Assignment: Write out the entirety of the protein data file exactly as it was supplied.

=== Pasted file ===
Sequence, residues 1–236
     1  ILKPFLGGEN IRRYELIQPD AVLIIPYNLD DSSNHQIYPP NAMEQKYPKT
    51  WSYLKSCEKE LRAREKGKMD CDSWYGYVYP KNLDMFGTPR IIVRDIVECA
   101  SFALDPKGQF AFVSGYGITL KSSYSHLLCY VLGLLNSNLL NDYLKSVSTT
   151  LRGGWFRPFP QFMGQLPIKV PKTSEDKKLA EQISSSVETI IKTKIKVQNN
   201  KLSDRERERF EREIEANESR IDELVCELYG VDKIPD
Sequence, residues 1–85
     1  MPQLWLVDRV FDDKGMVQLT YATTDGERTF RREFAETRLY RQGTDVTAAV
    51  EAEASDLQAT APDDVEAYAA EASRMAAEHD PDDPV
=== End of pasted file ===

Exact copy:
Sequence, residues 1–236
     1  ILKPFLGGEN IRRYELIQPD AVLIIPYNLD DSSNHQIYPP NAMEQKYPKT
    51  WSYLKSCEKE LRAREKGKMD CDSWYGYVYP KNLDMFGTPR IIVRDIVECA
   101  SFALDPKGQF AFVSGYGITL KSSYSHLLCY VLGLLNSNLL NDYLKSVSTT
   151  LRGGWFRPFP QFMGQLPIKV PKTSEDKKLA EQISSSVETI IKTKIKVQNN
   201  KLSDRERERF EREIEANESR IDELVCELYG VDKIPD
Sequence, residues 1–85
     1  MPQLWLVDRV FDDKGMVQLT YATTDGERTF RREFAETRLY RQGTDVTAAV
    51  EAEASDLQAT APDDVEAYAA EASRMAAEHD PDDPV